Tuesday, August 12, 2014

Surrealism (pt. 10)

His 1937 painting of the Metamorphosis of Narcissus is typical of the style to which he devoted himself throughout his life.  This subject is taken from Classical mythology, which tells of Narcissus, a hunter who was tricked into looking at the beautiful reflection of his own face in a pool, the attraction to which paralyzed him from ever leaving the pool and, consequently, kept him there indefinitely, until his death on the spot.  Dalí's painting shows Narcissus on the left, a golden statue-like monument, frozen stiff with head bowed over a stagnant pool of water.  The background landscape of the setting is dramatized with cliffs and mountains and threatening storm clouds.  Several naked figures can be seen marching or dancing in the background along some path leading up to the horizon, perhaps in the middle of some kind of pagan ritual (which would fit with the Classical subject matter).  On the right is another statuesque form that looks similar to the Narcissus on the left but, upon closer observation, actually looks more like a hand coming up out of the ground and holding an egg, from which blooms a flower.  Ants crawl up this hand, perhaps symbolizing once again the ravages of time and the imminent plunder of other assailing entities (albeit very small).  The egg and blossoming flower have long been connected with Freudian sexual imagery, as well as the sinuous forms of the two statuesque objects.  (Narcissus was held to be of extremely beautiful appearance in Ancient Greek mythology; to portray his image with phallic symbols is extremely Freudian).  On the far right, a dog chews a piece of bloody meat (another symbol of ravaged devastation and decay).  A painting like this may reference Classical mythology, but it tells the story through modern psychology and Freudian metaphors.  Surrealism often takes subjects out of their original context to present them from different angles, leading to new interpretations.  Here we see blatant and eerie allusions to sexual innuendo.  As Narcissus stares, frozen, into the pool to look at the beauty of his own reflection, we as viewers mimic the act by looking into the painting.  But the "beauty" we see has been converted into sexual images and unsettling references to decay and deterioration—that these characterize our world now and are what make the old myths relevant to us today.  Still, paintings like these tend to insist on eluding comprehensive interpretation, not to sound dismissive.  It's just weird.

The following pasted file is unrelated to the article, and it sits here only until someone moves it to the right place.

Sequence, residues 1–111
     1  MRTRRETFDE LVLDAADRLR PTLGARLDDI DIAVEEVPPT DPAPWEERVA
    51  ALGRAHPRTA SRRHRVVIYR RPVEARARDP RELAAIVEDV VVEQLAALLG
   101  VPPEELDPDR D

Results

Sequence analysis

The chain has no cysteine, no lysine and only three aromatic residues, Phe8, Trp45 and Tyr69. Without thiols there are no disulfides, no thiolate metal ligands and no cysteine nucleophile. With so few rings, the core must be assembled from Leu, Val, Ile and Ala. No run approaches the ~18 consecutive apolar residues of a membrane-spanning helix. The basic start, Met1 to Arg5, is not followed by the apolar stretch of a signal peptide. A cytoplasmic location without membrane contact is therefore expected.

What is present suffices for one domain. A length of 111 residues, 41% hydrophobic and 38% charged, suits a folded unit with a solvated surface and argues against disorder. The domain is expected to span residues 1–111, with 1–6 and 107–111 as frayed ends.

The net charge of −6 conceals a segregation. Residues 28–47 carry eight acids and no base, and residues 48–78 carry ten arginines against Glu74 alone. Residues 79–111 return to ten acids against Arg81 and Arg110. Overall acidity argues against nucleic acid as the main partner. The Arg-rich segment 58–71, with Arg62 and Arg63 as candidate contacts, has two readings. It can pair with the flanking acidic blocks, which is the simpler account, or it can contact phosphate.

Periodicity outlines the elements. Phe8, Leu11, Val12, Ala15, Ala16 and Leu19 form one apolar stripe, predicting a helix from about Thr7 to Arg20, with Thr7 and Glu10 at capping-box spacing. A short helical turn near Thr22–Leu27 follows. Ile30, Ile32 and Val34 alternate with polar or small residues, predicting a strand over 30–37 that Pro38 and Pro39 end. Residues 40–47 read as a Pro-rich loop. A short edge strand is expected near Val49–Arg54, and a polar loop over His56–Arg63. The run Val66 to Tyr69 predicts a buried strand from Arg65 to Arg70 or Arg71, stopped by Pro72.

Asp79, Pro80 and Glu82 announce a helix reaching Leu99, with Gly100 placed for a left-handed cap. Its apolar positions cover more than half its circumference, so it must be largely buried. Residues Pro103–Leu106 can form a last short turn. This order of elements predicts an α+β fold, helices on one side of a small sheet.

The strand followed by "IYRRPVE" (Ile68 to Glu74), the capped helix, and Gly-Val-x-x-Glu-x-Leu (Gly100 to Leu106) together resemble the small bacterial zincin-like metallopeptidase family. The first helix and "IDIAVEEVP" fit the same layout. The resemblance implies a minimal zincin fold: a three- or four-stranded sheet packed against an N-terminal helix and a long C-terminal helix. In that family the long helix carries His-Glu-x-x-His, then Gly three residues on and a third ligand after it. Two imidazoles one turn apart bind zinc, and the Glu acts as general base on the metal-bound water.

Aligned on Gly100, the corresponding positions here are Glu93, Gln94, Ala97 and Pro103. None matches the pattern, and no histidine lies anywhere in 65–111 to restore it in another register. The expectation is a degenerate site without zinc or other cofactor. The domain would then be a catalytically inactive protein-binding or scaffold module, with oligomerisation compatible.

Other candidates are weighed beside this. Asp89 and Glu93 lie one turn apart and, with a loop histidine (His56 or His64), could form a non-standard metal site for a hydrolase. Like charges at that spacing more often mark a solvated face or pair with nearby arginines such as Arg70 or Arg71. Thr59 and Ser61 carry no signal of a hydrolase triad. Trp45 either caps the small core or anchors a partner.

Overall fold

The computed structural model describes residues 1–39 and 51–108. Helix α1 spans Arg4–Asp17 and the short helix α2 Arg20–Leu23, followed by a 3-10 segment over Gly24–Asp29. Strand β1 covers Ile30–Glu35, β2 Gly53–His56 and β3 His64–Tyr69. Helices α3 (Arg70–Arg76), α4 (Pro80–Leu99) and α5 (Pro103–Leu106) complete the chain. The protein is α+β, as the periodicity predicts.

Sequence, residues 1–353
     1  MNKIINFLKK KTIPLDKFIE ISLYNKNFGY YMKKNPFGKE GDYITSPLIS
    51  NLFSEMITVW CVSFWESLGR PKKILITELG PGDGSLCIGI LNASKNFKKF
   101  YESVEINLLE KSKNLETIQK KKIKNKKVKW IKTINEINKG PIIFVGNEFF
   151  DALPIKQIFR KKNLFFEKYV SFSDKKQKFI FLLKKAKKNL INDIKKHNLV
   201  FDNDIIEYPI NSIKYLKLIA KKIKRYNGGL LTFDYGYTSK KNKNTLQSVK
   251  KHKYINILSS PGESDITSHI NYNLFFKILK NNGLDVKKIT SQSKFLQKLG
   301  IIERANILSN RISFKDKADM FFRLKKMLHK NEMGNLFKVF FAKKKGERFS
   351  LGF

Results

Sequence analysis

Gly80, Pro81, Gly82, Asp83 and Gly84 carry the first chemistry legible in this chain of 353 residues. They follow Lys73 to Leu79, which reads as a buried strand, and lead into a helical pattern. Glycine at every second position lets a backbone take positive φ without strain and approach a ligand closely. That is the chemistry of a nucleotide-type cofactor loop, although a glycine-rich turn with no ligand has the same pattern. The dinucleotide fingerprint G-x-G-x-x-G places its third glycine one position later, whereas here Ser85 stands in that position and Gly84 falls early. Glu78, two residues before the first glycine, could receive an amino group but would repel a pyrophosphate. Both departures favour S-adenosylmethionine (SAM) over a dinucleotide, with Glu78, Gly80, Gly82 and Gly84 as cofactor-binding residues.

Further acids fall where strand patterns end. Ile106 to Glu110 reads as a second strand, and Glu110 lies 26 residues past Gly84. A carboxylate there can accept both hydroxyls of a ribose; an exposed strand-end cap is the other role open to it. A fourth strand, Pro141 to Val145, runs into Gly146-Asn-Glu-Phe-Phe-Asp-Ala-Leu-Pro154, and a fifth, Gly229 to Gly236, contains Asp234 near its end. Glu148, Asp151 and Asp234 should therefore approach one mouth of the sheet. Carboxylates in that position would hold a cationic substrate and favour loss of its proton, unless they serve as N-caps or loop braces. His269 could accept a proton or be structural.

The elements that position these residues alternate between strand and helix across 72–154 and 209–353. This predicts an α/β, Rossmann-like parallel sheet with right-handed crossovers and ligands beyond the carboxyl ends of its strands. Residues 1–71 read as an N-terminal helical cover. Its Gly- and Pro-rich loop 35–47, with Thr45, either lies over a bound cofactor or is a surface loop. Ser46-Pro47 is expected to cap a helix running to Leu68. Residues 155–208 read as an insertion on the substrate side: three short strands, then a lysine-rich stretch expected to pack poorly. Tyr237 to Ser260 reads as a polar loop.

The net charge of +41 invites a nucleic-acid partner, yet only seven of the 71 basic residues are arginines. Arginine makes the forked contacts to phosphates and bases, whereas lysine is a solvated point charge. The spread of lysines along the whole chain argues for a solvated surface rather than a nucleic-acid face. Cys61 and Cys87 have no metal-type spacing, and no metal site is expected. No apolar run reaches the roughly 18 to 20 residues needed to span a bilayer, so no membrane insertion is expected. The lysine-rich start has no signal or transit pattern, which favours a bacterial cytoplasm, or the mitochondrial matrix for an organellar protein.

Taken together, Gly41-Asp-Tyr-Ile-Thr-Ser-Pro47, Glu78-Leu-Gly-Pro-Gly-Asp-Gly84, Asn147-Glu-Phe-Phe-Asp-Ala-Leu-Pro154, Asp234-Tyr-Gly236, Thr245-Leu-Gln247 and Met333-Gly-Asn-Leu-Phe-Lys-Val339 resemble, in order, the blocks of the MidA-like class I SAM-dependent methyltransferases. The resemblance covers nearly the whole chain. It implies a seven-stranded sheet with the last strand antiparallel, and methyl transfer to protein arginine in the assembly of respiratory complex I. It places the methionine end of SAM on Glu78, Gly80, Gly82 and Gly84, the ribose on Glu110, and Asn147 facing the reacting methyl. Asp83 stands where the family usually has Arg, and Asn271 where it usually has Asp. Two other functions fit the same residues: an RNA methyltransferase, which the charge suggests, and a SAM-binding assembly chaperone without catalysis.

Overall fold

No comments:

Post a Comment